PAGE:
They claimed that Jesus is mere man and mere creation of God, albeit One that is special among all other creations. In essence, the view of those who adopted the Arian heresy is not much different from the views espoused by the Muslims who also stressed especially that Jesus is not God in their so-called ‘Scripture’. As such, there had been some people who deemed that the two might be related, and the two heresies might indeed had the same origin.

Nevertheless, all of them were mistaken greatly because they failed to understand the mystery and the sublime nature of God in our faith, that is so great that it begs a better understanding from us. And even with our limited wisdom and knowledge, we are not likely to be able to understand the fullness of God and His mysteries. And that is why our deposit of faith in the Sacred Tradition is so important.

For denying the divinity of Christ is in fact the same as denying the greatness of God Himself, no matter what these people do to justify their ideas and viewpoints born out of mistaken view of the Word of God. They denied the works of salvation carried out by Jesus, for they denied not just Jesus as divine, but also because of that, they denied the salvation that can be offered only by the worthy Lamb of God, Jesus Christ, whose blood made all of us pure and worthy.

If Jesus is not God as Arius and others have claimed, then we have no hope, because the blood of a man alone will not be able to atone for our sins. The blood of Christ saves us exactly because He is divine, both God and man at the same time, one divine person but having two natures, divine and man. This is what we are celebrating today’s saint for, that is in the defense of this truth about the faith, the hard work of St. Athanasius of Alexandria.

St. Athanasius of Alexandria was the Patriarch and leader of the See of Alexandria, which with Rome was the five most preeminent dioceses and centres of the Christian world at the time. St. Athanasius was a great defender of the faith, and despite the popular and provocative teachings of Arius, which brought many people to fall into heresy, he managed to hold on to the firm foundation of faith established since the Apostles, and despite opposition and ridicule by his enemies, St. Athanasius remained firm and faithful.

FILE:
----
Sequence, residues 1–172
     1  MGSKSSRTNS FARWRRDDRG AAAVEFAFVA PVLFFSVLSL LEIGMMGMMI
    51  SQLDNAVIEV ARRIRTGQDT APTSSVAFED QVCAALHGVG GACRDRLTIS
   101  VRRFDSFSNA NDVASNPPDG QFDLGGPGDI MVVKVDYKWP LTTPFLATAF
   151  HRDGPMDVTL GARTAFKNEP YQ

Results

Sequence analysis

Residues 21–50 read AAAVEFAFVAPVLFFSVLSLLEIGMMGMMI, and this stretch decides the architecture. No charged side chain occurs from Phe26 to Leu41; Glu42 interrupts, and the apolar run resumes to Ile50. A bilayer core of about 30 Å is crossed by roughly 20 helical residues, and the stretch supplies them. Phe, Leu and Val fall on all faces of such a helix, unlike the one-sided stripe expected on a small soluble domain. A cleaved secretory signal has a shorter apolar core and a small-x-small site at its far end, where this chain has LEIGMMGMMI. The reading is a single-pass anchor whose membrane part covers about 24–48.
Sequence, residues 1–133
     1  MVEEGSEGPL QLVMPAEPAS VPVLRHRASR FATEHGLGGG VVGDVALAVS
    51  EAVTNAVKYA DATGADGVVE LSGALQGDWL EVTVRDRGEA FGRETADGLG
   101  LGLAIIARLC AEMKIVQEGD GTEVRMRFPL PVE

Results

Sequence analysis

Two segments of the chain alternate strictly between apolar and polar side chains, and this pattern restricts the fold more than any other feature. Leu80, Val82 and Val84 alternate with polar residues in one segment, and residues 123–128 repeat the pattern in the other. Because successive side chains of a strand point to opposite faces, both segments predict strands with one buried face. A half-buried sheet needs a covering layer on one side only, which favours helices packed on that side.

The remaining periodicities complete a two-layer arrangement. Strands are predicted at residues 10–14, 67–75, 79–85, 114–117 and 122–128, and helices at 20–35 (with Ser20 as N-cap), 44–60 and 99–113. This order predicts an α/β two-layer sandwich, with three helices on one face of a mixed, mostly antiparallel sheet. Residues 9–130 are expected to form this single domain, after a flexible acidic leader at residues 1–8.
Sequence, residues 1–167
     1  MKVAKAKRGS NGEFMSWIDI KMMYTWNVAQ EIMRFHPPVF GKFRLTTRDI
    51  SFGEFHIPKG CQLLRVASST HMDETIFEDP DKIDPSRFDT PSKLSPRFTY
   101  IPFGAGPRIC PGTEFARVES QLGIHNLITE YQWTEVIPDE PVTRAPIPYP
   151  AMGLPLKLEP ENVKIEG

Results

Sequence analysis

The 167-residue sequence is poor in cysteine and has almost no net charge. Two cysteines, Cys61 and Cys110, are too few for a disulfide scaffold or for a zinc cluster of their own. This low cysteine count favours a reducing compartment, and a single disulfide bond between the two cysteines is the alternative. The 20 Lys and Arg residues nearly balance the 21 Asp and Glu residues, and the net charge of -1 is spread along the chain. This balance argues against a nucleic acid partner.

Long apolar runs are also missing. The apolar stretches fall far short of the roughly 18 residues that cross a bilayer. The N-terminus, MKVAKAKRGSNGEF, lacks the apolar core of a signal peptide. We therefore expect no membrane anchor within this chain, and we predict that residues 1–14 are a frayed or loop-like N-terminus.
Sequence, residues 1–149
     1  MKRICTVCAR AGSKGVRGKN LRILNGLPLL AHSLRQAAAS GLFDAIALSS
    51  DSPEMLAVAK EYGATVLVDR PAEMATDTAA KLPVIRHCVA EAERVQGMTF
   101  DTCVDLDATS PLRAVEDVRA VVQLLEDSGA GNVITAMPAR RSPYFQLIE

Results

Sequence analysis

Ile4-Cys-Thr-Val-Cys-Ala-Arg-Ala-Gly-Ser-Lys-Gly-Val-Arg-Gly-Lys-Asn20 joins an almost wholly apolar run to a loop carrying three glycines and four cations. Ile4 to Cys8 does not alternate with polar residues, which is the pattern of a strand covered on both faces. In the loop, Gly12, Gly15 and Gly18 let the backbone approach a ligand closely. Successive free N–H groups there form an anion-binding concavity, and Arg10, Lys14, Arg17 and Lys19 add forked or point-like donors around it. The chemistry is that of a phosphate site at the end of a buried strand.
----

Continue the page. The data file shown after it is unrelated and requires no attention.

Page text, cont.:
The hard works of St. Athanasius earned him the faith of the people and the perseverance of many in the face of heresy, and many stood strong for the Lord and did not turn towards the erroneous teachings of Arius. St. Athanasius stood strong for the Lord’s true divine and human nature, and championed the indivisibility of the Most Holy Trinity. He was truly a faithful servant, like that of the Apostles of old.

Remember, brethren, that if Jesus is not God, it will be precisely as what Gamaliel said in the first reading, that the endeavours of man will eventually perish and be gone, but if it is the endeavour of the Lord, not even the greatest force or opposition can make it go away. The Lord will triumph in glory in the end, and this is a fact that we know.

Brothers and sisters in Christ, hence, inspired by the life of St. Athanasius and his actions, shall we walk in the same way as he had walked? Shall we resolve to make a difference in the lives of our fellow men, in a way that we bring the truth of God to them? Shall we bring the light of God to our brethren who are still in darkness, and to those who have been trapped and lured in by the lies of the devil?

May God guide us in our endeavour and our actions, that in all the things that we do, we will always be faithful, strong and completely dedicated to the Lord in all of our days, and show it through our actions and deeds. God bless us all. Amen.

Tuesday, 29 April 2014 : 2nd Week of Easter, Memorial of St. Catherine of Siena, Virgin and Doctor of the Church (Scripture Reflections)

Liturgical Colour : White

Share your goods with one another, be with those among you who are lonely, sick, in trouble, or downtrodden, and comfort one another. Assure them that Christ is with them, through your actions. That is the essence of the lives of the early Christian communities, where the earliest converts to the cause of the Lord lived together in perfect harmony and in accordance to the will of God.

In doing what they had done, these predecessors of our faith has eliminated the temptations of this world, in the temptations of money, wealth and power, so that their lives might be completely dedicated to the cause of the Lord, as they had shown in how they lived and treated one another as brothers and sisters, children of the same God.

In essence, what these disciples of Christ had done is true communism and socialism, unlike what had been attempted by those we know as the communists and socialists of our days. They failed miserably, because they lacked God in their system, and they were unable to prevent human desire and intentions from interfering in their attempt to achieve true communism as the disciples of Christ had done.